FIPS Publication 199, Standards for Security Categorization of Federal Information and Information Systems, approved by the Secretary of Commerce economic and national security interests of the United States. Title III of the E-Government Act in February 2004, is the first of two mandatory security standards required by the FISMA legislation. FIPS Publication 200, the second of the mandatory security standards, specifies minimum security requirements for information and information systems supporting the executive agencies of the Federal Government and a risk-based process for selecting the security controls necessary to satisfy the minimum security requirements. To comply with Federal standards, organizations first determine the security category of their information system in accordance with FIPS Publication 199, Standards for Security Categorization of Federal Information and Information Systems, derive the information system impact level from the security category in accordance with FIPS 200, and then apply the appropriately tailored set of baseline security controls in NIST Special Publication 800-53, Security and Privacy Controls for Federal Information Systems and Organizations. FIPS 200 and NIST Special Publication 800-53, in combination, ensure that appropriate security requirements and security controls are applied to all federal information and information systems.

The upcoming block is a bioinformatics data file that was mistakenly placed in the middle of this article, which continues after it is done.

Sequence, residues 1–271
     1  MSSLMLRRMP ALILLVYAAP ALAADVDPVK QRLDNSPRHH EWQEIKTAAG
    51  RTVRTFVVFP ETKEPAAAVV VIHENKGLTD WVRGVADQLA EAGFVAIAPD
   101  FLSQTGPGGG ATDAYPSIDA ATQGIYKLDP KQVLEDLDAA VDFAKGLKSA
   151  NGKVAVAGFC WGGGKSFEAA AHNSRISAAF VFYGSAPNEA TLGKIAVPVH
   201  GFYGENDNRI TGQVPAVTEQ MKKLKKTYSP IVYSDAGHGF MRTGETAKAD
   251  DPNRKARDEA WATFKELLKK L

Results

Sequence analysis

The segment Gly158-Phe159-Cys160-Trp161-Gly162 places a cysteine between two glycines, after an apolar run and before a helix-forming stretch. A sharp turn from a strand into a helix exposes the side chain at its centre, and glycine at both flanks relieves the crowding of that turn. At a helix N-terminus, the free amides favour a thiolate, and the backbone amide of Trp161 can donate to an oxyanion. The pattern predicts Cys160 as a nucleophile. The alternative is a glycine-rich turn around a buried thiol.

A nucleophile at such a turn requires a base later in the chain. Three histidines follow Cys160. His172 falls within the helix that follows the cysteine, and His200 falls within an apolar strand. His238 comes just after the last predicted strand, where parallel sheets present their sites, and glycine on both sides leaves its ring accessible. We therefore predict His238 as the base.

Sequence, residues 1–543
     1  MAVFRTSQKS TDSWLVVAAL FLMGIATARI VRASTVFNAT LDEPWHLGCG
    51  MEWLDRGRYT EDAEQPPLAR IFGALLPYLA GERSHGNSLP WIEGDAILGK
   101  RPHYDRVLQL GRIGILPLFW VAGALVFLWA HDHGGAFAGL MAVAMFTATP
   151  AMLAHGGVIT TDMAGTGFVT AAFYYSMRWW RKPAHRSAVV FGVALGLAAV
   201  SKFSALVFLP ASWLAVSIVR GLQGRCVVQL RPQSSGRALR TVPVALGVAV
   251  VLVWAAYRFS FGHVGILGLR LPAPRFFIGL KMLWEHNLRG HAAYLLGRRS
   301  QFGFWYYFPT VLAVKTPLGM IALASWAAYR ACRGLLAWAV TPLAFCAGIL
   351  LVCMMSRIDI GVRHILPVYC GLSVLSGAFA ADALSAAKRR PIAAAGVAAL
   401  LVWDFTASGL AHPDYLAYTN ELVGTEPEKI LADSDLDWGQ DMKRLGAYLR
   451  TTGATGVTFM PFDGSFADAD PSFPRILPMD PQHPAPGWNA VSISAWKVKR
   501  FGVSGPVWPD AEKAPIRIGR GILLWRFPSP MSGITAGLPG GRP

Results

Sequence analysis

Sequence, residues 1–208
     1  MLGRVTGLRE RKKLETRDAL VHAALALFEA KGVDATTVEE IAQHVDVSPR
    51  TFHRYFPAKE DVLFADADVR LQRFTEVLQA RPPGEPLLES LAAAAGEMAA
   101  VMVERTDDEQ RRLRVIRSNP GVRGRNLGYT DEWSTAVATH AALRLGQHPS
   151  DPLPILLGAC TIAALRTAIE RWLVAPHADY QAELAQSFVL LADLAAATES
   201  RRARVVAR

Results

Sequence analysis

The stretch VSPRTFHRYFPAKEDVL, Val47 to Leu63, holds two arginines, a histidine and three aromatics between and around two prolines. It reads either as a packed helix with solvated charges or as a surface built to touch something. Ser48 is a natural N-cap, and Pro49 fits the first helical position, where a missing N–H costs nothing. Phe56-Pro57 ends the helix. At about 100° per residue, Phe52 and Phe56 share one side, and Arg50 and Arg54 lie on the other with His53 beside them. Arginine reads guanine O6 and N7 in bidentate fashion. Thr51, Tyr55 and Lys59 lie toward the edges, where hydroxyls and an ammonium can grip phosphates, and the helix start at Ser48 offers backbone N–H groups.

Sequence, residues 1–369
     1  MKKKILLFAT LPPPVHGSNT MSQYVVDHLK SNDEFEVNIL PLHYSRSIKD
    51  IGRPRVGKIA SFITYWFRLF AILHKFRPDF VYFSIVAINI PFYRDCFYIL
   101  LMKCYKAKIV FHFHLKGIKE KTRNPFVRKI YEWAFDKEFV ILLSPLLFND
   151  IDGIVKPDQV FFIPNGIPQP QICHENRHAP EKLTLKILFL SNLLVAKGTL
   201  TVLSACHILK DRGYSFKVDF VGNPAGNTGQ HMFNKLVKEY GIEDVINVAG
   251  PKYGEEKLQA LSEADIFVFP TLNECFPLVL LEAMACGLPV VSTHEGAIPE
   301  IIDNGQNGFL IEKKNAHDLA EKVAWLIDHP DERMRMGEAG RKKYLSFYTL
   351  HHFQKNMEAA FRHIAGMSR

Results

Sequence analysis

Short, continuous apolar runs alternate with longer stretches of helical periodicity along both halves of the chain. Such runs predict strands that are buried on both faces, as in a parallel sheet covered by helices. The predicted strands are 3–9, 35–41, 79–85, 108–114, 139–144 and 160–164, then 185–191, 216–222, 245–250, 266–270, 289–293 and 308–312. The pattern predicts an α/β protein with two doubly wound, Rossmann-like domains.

The Presidential Policy Directive/PPD-21 dated Feb. 12, 2013, on Critical Infrastructure Security and Resilience advances a national unity of effort to strengthen and maintain secure, functioning, and resilient critical infrastructure. It specifically states, "The Secretary of Homeland Security shall provide strategic guidance, promote a national unity of effort, and coordinate the overall Federal effort to promote the security and resilience of the Nation's critical infrastructure." A key responsibility assigned in the Homeland Security Act of 2002 is to identify and prioritize critical infrastructure, considering physical and cyber threats, vulnerabilities, and consequences. This directive identifies the following 16 critical infrastructure sectors and designates the associated Federal Sector-Specific Agencies (SSAs): Chemical; Commercial Facilities; Communications; Critical Manufacturing; Dams; Defense Industrial Base; Emergency Services; Energy; Financial Services; Food and Agriculture; Government Facilities; Healthcare and Public Health; Information Technology; Nuclear Reactors, Materials, and Waste; Transportation Systems; and Water and Wastewater Systems.